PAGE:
Publications archive - Publications
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Environment Australia, September 7, 2005
A habitat is where something lives and grows – it's the combination of food, water and shelter that plants and animals need to stay alive.
Australia is made up of a range of climates from the hot, wet tropics to the dry, flat interior to the cool alpine areas. As a result the country has an immense variety of habitats including swamps, grasslands, mangroves, forests, rainforests, woodlands, deserts, and marine habitats.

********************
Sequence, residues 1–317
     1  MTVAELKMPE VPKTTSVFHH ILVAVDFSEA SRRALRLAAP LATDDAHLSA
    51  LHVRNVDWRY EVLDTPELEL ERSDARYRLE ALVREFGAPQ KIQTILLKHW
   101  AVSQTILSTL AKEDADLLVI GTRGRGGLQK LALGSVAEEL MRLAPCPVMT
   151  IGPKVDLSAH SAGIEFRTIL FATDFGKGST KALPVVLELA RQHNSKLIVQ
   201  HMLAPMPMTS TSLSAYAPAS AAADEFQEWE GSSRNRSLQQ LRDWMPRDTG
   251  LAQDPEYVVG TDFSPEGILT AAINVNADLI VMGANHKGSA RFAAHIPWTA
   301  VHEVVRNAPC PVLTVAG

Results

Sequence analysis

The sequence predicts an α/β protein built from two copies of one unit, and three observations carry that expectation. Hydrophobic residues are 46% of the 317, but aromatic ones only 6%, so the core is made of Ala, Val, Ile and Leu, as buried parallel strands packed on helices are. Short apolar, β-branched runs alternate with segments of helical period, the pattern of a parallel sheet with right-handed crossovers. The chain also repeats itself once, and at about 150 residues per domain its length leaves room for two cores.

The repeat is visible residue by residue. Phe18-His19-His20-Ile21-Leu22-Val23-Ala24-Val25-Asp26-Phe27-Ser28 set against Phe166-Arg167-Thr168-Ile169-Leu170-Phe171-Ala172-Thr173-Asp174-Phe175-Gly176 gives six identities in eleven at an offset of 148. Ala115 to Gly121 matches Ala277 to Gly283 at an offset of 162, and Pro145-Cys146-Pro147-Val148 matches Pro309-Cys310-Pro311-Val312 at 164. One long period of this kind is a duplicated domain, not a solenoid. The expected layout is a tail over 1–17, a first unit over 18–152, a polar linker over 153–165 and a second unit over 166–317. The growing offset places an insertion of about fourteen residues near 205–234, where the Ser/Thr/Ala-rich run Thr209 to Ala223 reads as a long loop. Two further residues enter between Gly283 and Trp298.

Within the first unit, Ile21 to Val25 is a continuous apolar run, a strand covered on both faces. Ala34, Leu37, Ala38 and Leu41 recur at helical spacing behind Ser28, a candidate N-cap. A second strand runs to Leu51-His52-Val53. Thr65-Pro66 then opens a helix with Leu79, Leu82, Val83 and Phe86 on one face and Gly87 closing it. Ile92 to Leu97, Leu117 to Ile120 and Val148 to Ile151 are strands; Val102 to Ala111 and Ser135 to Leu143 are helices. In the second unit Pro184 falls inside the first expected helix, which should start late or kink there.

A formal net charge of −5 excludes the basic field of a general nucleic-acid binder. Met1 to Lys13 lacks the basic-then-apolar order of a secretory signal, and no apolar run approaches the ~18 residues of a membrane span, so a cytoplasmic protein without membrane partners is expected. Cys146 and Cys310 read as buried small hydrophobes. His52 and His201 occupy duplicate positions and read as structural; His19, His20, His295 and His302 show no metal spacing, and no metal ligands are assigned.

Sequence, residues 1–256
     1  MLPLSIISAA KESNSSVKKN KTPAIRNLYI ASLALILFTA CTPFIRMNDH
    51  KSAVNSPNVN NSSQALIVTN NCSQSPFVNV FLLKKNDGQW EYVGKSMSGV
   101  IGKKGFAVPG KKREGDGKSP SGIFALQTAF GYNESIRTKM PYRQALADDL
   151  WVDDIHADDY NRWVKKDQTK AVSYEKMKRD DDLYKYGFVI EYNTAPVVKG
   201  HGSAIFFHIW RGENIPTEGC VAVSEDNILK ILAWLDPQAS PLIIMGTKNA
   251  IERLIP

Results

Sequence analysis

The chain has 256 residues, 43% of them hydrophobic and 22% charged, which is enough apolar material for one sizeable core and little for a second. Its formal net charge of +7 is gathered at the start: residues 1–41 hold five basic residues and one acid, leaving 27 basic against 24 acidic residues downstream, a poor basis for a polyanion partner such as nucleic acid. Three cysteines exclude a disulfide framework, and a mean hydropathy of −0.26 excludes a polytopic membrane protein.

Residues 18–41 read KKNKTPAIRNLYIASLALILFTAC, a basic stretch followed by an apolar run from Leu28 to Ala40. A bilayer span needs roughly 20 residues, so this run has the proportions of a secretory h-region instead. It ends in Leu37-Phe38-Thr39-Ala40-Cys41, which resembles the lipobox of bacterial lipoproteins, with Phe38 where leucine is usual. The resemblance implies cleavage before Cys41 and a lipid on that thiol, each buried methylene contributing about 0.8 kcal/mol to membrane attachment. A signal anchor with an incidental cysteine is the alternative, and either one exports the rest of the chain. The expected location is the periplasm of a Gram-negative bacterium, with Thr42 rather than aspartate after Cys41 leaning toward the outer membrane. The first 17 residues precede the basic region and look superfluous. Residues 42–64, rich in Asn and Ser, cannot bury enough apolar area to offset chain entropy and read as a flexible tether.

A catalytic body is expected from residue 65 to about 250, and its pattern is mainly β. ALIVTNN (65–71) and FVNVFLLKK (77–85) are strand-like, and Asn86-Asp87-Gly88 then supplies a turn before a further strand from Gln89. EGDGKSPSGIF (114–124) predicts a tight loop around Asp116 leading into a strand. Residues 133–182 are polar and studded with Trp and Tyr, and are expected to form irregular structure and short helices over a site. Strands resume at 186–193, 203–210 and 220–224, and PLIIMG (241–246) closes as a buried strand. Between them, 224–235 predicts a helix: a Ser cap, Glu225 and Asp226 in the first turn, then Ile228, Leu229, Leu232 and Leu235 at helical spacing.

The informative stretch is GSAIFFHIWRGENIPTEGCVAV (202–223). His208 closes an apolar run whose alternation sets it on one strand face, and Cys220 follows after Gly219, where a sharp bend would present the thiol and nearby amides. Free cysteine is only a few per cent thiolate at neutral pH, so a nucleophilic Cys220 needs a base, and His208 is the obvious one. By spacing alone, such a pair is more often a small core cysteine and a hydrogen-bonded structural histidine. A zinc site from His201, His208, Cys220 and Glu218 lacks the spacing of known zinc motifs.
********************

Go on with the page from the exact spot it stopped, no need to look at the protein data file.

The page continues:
These habitats provide the right conditions for plants and animals to flourish. In their habitats native animals can find everything they need to survive – food and water of course, but also hollow logs, boulders, caverns, loose bark and tree hollows so they can breed and shelter.
For example, bushland might be the perfect home for a Greater Bilby but a Loggerhead Turtle couldn't find the right sort of food there to survive.